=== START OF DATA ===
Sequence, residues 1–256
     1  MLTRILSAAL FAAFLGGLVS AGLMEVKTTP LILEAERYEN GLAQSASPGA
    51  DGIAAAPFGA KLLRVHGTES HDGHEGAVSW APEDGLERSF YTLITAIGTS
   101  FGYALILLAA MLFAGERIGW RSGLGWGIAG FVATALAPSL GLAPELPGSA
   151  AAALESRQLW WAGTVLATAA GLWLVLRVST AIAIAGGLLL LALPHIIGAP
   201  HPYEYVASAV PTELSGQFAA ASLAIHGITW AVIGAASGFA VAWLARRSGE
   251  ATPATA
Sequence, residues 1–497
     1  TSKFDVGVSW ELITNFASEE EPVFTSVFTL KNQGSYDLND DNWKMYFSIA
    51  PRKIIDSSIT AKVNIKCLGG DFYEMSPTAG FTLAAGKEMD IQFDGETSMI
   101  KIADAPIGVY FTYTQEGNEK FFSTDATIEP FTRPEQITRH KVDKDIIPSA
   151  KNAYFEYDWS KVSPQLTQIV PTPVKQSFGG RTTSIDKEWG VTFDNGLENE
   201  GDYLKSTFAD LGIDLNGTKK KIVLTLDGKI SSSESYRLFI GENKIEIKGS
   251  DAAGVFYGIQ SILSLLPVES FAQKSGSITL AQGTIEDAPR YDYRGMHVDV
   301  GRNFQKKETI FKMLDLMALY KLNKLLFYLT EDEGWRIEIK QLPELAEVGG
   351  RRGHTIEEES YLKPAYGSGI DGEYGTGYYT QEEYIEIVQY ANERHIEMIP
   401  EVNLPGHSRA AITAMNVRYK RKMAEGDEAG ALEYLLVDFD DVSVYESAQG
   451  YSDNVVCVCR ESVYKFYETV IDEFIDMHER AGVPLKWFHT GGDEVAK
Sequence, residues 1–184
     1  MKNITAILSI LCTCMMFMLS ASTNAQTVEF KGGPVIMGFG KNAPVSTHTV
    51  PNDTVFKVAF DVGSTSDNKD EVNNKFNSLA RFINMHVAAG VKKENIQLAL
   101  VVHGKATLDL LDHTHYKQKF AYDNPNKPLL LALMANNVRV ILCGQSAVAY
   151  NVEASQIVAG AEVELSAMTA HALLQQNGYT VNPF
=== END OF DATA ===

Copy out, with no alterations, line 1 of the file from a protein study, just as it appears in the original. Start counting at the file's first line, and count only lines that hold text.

Sequence, residues 1–256